PHOTO CREDITS: (Getty Images)

By: Max Mainville | Check me out on Twitter @tkdmaxbjj

There are good signings and then there are bad signings. Often times, the final verdict that decides if a player’s new contract is either “good” or “bad” comes after an unsuccessful time with that new team. However, sometimes the length of the contract or the amount of money the player is making can be difficult to swallow due to the age or how prone they are to injuries.

In this article, three players in recent Bruins history will be listed under the list no one wants to be on, the Worst Bruins Signings In Recent History.

Matt Beleskey – 5yrs/$3.8mil AAV


PHOTO CREDIT: (Sergei Belski-USA TODAY Sports)

Matt Beleskey was coming off of an eight-goal playoff season with the Anaheim Ducks when he signed a 5-year contract worth $3.8 million per season in July of 2015.

Considered by many to be one of the best unrestricted free agents in the 2015 NHL free agent class, Matt Beleskey had some big expectations to fill — expectations that came directly from the Bruins fans themselves. Kevin Allen of USA TODAY Sports ranked Beleskey as the fourth-best UFA available to teams that summer, so when Boston signed him, it seemed like Boston was in serious contention to make the playoffs once again.

As we know, the Bruins failed to qualify for the 2015 Stanley Cup Playoffs — the first time they did not make the postseason in 7 consecutive years. The surprise absence in the playoffs led the Bruins to make some free agent signings, and of course, Beleskey was one of those players.

In the 2015-16 regular season, Beleskey had a decent year, scoring 15 goals and 37 points total over the course of 80 games. Matt also landed the most hits on the Bruins roster, with 260 hits counted. But the following season, Beleskey failed to continue the play of the previous year. In December of 2016 he injured his right knee, sidelining him for 7 weeks.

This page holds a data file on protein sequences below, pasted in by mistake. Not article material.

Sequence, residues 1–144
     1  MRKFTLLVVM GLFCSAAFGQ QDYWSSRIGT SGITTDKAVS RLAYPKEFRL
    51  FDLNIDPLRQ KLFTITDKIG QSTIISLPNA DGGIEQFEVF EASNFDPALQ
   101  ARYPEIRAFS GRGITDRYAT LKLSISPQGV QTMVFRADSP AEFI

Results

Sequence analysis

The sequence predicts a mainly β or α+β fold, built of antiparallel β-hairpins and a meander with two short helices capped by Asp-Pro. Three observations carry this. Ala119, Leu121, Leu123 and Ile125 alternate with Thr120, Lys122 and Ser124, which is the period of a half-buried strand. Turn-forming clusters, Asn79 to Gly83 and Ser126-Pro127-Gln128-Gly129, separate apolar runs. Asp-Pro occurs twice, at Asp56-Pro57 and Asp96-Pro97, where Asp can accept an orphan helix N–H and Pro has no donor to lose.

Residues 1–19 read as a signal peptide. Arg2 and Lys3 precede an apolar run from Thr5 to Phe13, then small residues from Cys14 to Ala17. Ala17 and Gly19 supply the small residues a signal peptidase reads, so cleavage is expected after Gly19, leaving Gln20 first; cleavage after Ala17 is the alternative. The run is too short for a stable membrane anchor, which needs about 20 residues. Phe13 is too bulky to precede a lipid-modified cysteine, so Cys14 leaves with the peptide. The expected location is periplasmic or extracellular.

Once he reunited with the club, Beleskey was never really able to find his groove once again and only finished the year with eight points in 49 games as well as a -10 rating. Bruins head coach Bruce Cassidy touched on that when asked about scratching Beleskey in an article by Steve Conroy of the Boston Herald.

“That’s part of it. It’s not punishment. With his injury, we’ve got to get him back up to playing speed, playing pace.” – Bruce Cassidy, Bruins Head Coach 

The belief was that if Beleskey can have a solid recovery over the offseason, there is a chance he can come back to the time where he scored 22 goals with the Ducks back in 2014-15. Unfortunately for him and the team, he only played 14 games with Boston due to frequent healthy scratches. The Bruins eventually placed the Windsor, Ontario, Canada native on waivers, where he went unclaimed.

Beleskey did play 21 games with the Providence Bruins, posting 4-2-6 totals. That would mark the end of his career as a Boston Bruins as on February 25 he was sent to the New York Rangers along with Ryan Spooner, Ryan Lindgren, a 2018 first-round pick, and a 2019 seventh-round pick in exchange for Rick Nash.

Even though he is no longer on the team, the Bruins are still paying half of his yearly salary ($1,900,000) for the next 2 seasons.

Totals as a Boston Bruin: 143GP | 18G – 27A – 45P | -12 Rating